The city of Amsterdam, New York owes nearly $200,000 after firing a medical marijuana patient for failing a drug screening for cannabis, a jury decided in a legal action filed by the dismissed city worker. The jury found that the city had discriminated against Thomas Apholz, a wastewater treatment plant worker who was suspended in February 2020 and later fired after testing positive for marijuana.
“They couldn’t fire him fast enough,” Kevin A. Luibrand, Apholz’s attorney told the Times-Union. “They gave him a termination letter on a Monday that fired him the prior Sunday so he couldn’t present his prescription card.”
New York legalized the medical use of marijuana in 2014 with the passage of the Compassionate Care Act, which went into effect in 2016. State law also grants registered medical marijuana patients disability status, which affords protection from employment discrimination for using cannabis.
Patient Fired After Failed Drug Screening
In 2017, Apholz tested positive for cannabis in a random drug screening but was allowed to keep his job under a “last chance agreement” he signed with the city. Under the terms of the agreement, he was subject to termination for future violations of the city’s drug policies.
Apholz tested positive for cannabis in a random drug screening again in 2020 and was subsequently suspended and eventually fired. He then filed suit in state Supreme Court in Montgomery County, alleging unlawful employment discrimination and failure to accommodate his disability as required by the New York Humans Rights Law.
A year before the second positive drug screening, Apholz had obtained a medical marijuana recommendation for lower back pain. In a five-day trial before Judge Rebecca Slezak, Apholz’s attorneys noted that he only used cannabis in capsule form “in the evening at home when his pain was at its worst” and had never used medical marijuana at work. According to court records, Apholz notified “agents” of the city that he was a certified patient in the state Medical Marijuana Program and had a valid Department of Health certification for a medical marijuana prescription at the time of the drug screening.
The city “was made aware of plaintiff’s prescription multiple times, and therefore his disability, before he was terminated,” court filings state. “Defendant has presented no evidence that plaintiff’s use of marijuana impacted his ability to complete his job duties in any way.”
“The evidence indicates that plaintiff was an effective worker while having his marijuana prescription, and that he can perform his job safely and satisfactorily, and defendant has failed to provide any evidence on the record that plaintiff’s use of marijuana has ever negatively impacted his job performance or placed anyone in danger,” court filings state.
Attorneys for the city argued that Apholz had not properly notified the city’s employee relations director about his disability and medical marijuana prescription as required by city policy. Instead, the city maintained that Apholz had notified city engineer Mike Clark of his medical marijuana registration on March 5, 2020, after he had already been suspended for the second failed drug screening. Additionally, the city’s attorneys claimed that Apholz never presented any affirmation the prescription would not interfere with his performance of his “safety sensitive position” involving the use of large machinery and handling hazardous chemicals.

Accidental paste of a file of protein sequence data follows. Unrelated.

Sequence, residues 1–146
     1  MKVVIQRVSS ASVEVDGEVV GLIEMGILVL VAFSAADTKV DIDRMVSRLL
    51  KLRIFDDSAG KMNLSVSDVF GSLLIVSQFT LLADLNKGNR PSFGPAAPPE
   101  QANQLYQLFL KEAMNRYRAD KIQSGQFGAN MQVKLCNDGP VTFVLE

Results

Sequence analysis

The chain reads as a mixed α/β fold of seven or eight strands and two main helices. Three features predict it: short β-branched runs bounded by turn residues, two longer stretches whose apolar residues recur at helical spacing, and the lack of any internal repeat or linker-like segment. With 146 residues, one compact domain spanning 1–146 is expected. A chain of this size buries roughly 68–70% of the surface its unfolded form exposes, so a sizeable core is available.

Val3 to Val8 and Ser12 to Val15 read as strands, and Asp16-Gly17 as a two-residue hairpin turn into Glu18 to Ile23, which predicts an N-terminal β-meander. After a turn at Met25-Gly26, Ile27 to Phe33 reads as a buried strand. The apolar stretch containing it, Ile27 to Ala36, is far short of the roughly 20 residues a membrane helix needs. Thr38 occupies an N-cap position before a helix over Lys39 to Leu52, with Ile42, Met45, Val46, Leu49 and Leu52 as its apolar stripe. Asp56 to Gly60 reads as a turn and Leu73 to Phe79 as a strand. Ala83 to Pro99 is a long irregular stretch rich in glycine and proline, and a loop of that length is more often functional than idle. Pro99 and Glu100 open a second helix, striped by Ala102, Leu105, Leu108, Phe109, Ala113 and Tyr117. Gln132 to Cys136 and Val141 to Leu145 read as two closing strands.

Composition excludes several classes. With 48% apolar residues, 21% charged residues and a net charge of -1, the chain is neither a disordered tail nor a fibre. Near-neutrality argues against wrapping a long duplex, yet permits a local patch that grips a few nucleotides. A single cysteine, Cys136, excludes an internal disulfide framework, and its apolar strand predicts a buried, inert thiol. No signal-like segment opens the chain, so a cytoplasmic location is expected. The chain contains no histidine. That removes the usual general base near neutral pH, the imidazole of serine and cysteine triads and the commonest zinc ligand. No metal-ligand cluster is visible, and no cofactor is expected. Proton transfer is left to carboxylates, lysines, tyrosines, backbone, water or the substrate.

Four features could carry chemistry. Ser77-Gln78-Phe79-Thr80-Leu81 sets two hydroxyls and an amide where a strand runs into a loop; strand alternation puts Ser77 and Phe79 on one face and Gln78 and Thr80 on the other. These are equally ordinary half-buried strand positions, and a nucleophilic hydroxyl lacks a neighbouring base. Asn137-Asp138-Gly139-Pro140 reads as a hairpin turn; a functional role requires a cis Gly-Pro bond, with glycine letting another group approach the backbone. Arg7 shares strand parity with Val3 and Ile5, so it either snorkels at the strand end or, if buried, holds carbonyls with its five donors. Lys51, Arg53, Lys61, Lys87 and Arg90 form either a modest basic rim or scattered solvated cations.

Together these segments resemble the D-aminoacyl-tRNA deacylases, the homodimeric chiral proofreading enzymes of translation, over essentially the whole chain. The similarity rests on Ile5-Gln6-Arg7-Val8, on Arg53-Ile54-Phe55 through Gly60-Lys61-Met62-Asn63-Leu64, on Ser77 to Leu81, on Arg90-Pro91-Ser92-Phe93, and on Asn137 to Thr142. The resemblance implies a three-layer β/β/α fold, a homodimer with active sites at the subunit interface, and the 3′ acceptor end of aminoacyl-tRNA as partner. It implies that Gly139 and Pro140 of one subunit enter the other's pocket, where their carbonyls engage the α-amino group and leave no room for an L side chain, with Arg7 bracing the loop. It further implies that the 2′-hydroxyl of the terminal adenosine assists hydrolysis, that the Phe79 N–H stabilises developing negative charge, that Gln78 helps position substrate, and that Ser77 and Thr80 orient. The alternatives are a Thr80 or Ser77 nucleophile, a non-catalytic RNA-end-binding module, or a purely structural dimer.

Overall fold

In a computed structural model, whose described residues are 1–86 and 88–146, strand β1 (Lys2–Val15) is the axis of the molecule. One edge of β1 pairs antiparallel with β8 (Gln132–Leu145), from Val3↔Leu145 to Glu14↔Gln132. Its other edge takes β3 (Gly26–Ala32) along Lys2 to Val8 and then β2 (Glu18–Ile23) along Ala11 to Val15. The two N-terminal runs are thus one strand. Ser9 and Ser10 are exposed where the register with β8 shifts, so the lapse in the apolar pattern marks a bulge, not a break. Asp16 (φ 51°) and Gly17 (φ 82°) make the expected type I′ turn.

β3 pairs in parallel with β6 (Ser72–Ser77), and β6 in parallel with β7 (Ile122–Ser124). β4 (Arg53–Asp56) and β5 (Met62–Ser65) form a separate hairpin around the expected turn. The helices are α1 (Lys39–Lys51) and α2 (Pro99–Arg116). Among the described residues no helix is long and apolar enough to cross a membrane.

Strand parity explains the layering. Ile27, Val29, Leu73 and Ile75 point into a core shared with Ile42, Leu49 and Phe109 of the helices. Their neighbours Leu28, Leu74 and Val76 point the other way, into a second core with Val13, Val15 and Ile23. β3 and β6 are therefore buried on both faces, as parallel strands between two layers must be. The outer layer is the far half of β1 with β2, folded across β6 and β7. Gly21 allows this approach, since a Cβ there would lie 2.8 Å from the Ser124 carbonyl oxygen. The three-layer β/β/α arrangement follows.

Jury Finds In Patients’ Favor
The jury reached its verdict on June 30, finding that the city discriminated against Apholz for using medical marijuana and awarding him a judgment of $191,762. He is also eligible to request the judge to order reinstatement to his job and for the city to pay his legal fees.
“The jury found that senior Amsterdam city officials refused to provide Mr. Apholz an accommodation for his medical condition after he informed the city that he had a medical marijuana prescription following a random drug test, and summarily fired him on March 16, 2020 without a civil service hearing and without having any discussions with him about his medical condition,” according to a statement from Luibrand quoted by The Daily Gazette.
Aaron Bloom, the CEO of DocMJ, a medical marijuana physician practice that provides compassionate care to patients, says that the jury’s verdict underscores the importance of laws that protect medical cannabis patients.
“Respecting patients’ medical cannabis rights, particularly in the workplace, is of utmost importance. It is crucial to acknowledge the legitimacy of medical cannabis as a therapeutic option and ensure that patients who rely on it for their well-being are treated with fairness and understanding,” Bloom writes in an email to High Times. “Medical cannabis patients also have a duty to not show up for work under the influence of cannabis in a manner that violates workplace safety. By providing appropriate accommodations and respecting the rights of employees with valid medical cannabis prescriptions, we can create an environment that promotes inclusivity and supports individuals in managing their health conditions effectively.”